At the current price of $390 per vial, remdesivir is positioned to achieve the aim of providing immediate net savings for healthcare systems…The price for U.S. private insurance companies, will be $520 per vial. At the level we have priced remdesivir and with government programs in place, along with additional Gilead assistance as needed, we believe all patients will have access.”[xxi]
Incredibly, none of the studies published before this purchase had mentioned side effects of the drug, although in the China study, kidney injury had led to discontinuation for one patient, and in its original use for ebola, liver risks had been identified.[xxii] On July 5, a public health official reported that “remdesivir is showing reports of liver damage in patients across India.”[xxiii]
On June 30, the day after the DHSS $1.6 billion purchase, an International Journal of Infectious Diseases (IJID) preprint reported that two of five patients in a hospital enrolled in the French Discovery trial had to be put on dialysis for renal insufficiency caused by remdesivir toxicity.[xxiv] That’s 40%.
To summarize the problems with remdesivir:
- The very few control trials were poorly designed, influenced by vested interests, lacked precision, provided low-quality evidence, or produced negative results.
- There have been doubts about the regulatory decision of approving it and the purchasing decision to stockpile it.
- There was little mention of adverse effects in the published literature. Post-marketing surveillance has uncovered adverse effects.
In other words, the benefits behind the purchase were overplayed, and the harms were underplayed.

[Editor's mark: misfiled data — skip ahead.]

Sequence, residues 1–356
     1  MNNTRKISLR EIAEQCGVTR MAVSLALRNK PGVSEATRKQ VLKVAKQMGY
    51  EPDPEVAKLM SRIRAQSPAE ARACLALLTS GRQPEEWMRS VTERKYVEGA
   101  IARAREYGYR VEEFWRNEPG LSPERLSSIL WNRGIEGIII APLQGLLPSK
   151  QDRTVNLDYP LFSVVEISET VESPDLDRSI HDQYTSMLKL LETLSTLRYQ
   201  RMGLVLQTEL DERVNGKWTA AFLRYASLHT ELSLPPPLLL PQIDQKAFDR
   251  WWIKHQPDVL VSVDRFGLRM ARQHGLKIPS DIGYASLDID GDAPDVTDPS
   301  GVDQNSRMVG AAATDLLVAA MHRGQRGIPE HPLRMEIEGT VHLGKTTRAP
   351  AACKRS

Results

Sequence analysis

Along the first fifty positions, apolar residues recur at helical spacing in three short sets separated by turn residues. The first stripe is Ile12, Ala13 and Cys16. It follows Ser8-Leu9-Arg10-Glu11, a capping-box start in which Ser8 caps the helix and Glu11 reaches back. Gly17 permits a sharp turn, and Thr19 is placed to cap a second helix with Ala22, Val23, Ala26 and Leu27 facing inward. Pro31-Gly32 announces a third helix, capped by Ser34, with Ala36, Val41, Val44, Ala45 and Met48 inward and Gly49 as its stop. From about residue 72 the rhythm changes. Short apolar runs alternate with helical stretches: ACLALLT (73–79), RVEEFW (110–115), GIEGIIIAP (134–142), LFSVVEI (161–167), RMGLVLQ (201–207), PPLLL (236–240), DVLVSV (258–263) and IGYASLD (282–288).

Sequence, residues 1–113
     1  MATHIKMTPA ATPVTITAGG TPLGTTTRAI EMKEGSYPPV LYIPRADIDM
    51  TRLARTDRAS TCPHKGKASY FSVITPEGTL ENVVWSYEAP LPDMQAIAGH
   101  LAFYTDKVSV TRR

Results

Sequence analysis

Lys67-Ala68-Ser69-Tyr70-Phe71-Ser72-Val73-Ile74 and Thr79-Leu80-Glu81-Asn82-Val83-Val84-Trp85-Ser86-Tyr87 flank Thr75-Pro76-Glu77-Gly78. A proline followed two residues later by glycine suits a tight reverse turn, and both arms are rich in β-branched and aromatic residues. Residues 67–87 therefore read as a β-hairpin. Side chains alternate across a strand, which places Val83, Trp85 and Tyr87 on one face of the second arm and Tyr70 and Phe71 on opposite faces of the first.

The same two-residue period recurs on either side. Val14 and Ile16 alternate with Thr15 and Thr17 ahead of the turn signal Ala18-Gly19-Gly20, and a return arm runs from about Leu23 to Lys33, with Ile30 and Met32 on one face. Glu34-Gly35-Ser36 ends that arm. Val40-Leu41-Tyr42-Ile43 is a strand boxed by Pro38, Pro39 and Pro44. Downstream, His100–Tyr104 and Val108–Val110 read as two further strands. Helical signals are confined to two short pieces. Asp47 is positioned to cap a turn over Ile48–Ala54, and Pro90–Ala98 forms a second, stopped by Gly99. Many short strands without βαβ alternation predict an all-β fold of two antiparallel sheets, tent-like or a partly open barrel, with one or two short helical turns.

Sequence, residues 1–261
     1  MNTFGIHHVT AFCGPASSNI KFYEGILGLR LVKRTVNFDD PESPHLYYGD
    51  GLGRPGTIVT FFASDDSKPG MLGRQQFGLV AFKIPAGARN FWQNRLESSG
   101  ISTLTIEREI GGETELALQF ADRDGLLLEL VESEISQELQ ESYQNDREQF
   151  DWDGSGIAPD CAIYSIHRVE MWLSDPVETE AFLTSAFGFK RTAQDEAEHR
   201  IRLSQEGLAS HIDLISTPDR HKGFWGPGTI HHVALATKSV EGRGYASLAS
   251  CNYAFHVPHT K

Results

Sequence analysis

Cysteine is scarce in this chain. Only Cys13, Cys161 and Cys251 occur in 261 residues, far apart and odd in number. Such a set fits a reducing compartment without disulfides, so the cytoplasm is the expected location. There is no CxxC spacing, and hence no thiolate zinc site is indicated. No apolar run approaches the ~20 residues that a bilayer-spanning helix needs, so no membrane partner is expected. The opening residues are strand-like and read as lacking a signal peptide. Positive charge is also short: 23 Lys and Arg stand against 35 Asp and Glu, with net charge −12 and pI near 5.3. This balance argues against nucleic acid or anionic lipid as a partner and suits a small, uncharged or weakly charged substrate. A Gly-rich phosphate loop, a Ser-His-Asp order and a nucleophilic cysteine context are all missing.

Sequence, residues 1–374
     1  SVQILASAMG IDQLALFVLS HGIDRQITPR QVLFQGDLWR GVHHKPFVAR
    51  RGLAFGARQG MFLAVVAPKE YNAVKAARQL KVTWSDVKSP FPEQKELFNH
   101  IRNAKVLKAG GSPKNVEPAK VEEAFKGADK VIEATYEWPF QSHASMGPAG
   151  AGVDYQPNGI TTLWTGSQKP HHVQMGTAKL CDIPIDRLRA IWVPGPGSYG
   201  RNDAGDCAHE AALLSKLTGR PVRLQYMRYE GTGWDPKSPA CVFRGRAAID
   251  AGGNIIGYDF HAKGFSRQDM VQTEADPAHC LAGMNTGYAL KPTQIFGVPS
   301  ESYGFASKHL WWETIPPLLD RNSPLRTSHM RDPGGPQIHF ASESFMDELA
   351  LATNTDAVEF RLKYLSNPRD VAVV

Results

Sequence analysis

Sadly, this whole story is a close replica of the costly Tamiflu (antiviral oseltamivir) management disaster that played out during the swine flu H1N1 “pandemic” of 2008-09.[xxv]
On July 2, Christopher Morten, a U.S. patent lawyer – having observed the remdesivir purchase debacle after the government had subsidized the development of the drug – published the article, “A powerful law gives HHS the right to take control of remdesivir manufacturing and distribution.”[xxvi]
Further tax dollars may not be lost.
The media arm of the triad: Remdesivir vs HCQ
Hydroxychloroquine’s days were numbered on March 21 when Donald Trump called it a game changer, and it became terminally ill on May 22 when the prestigious Lancet claimed heart effects on six continents.
Whatever predisposition the media may have had to objectively report the repurposing of a safe old drug had vanished. The battle against it was now framed as the President’s ignorant personal views vs. the reportedly non-existent randomized control trials for a “heart-threatening” drug.
HCQ was losing.
A ray of light shone briefly May 14 with the announcement of a NIAID clinical trial to investigate whether HCQ+azithromycin administered early in illness could prevent hospitalization. However, it was quietly extinguished when the trial suddenly ended June 20, unreported, nine days before the massive remdesivir purchase assailed the headlines June 29.
June 29 was a coordinated victory for corporate interests at the expense of the people’s wellness and their pocketbooks.